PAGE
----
By Wayne Hester
BIRMINGHAM, Ala. (Reuters) - An Alabama woman convicted of murder for running her granddaughter until she collapsed and died was spared the death penalty when a judge instead sentenced her on Monday to life in prison without the possibility of parole, a court official said.
Joyce Garrard, 50, was convicted in March in the 2012 death of Savannah Hardin, 9, with the jury recommending that she spend the rest of her life in prison.
Garrard made Hardin run for almost three hours while carrying wood as punishment for lying about having eaten chocolates before the girl collapsed and went into seizures, prosecutors have said.
The girl, who lived in Etowah County in northeast Alabama, died days later in hospital from dehydration and low sodium.
Garrard said in a conversation with the girl's school bus driver captured on a bus video that "she's going to run till I tell her to stop," as punishment.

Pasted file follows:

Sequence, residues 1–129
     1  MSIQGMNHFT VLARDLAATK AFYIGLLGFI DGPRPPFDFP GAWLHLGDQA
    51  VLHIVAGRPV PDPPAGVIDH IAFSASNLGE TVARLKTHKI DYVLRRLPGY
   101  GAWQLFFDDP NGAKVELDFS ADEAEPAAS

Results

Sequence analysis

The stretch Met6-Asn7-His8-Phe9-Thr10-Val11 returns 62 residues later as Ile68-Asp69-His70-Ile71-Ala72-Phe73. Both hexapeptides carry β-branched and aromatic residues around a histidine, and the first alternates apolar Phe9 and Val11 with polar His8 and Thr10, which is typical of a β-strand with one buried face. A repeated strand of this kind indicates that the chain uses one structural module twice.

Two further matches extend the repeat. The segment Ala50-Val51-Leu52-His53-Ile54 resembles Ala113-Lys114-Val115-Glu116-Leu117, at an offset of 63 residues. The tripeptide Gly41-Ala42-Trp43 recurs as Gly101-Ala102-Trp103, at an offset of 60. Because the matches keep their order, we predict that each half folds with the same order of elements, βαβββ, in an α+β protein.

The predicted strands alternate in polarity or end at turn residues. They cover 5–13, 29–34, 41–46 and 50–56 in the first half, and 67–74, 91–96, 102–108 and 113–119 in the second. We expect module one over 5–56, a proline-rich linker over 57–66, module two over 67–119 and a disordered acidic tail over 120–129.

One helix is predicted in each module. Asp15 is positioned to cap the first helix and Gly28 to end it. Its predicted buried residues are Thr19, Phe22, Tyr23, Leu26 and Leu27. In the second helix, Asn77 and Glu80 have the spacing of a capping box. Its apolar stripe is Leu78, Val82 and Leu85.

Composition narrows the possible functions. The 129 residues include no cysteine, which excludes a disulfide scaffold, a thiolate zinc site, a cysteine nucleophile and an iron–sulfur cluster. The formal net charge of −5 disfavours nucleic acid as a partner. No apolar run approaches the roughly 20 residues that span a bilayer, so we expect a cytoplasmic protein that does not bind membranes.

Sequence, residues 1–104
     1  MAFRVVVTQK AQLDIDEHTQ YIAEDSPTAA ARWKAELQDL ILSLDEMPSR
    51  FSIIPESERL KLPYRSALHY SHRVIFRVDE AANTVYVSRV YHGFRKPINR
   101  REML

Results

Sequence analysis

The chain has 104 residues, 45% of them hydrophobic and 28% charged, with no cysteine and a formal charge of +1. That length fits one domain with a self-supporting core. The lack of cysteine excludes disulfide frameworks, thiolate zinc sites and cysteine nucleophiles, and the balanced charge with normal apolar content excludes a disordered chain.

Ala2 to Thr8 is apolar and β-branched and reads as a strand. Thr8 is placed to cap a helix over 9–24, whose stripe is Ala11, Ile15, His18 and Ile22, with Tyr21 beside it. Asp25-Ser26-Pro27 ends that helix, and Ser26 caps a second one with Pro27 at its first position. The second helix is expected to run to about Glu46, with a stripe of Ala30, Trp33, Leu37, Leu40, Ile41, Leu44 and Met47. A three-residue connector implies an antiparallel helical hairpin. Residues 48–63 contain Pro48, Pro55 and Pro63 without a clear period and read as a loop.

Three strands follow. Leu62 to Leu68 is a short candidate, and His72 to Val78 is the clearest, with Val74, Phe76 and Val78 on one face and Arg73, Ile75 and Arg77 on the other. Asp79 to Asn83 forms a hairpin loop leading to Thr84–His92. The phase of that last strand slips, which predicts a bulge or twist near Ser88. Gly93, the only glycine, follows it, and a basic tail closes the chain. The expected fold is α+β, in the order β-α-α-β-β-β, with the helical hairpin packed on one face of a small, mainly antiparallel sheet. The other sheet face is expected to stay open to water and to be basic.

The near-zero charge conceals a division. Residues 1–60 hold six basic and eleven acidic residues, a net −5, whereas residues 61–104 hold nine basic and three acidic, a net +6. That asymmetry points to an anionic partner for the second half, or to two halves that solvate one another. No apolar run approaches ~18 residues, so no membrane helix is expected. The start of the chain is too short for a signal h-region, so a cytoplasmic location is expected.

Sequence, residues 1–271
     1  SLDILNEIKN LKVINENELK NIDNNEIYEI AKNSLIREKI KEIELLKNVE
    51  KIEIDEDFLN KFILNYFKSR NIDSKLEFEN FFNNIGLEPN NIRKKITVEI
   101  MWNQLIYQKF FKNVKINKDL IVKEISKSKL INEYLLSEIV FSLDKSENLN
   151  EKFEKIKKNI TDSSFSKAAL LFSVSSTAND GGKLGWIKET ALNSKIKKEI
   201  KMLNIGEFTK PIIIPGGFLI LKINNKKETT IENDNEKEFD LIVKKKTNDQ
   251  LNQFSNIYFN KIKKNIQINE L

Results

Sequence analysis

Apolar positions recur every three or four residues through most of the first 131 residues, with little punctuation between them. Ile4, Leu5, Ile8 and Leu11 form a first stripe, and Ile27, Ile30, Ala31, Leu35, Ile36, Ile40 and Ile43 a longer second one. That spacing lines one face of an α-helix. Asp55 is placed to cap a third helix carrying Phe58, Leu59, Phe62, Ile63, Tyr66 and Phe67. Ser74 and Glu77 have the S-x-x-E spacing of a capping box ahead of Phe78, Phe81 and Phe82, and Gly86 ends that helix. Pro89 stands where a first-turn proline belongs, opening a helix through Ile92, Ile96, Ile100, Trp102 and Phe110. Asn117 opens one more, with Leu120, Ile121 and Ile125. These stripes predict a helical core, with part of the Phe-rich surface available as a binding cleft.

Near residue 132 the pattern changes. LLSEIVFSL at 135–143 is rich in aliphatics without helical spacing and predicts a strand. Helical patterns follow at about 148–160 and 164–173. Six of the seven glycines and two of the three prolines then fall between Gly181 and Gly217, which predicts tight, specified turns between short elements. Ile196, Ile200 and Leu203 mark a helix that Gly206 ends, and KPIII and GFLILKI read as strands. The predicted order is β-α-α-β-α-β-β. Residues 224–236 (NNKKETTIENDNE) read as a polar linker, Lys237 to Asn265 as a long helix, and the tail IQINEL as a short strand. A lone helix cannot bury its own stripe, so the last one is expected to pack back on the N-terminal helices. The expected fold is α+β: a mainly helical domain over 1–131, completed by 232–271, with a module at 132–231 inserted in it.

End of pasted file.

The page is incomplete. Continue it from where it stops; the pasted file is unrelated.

Hardin had a bladder condition and was not allowed to have sweets or caffeine, Garrard told the bus driver.
After the guilty verdict, Etowah County District Attorney Jimmie Harp said he was pleased with the outcome and would ask the Judge William Ogletree to accept the jury's recommended sentence of life in prison.
The girl's stepmother, Jessica Mae Hardin, has also been charged with murder, with authorities saying she witnessed the punishment and failed to intervene.
(Writing by Jonathan Kaminsky; Editing by Lisa Lambert)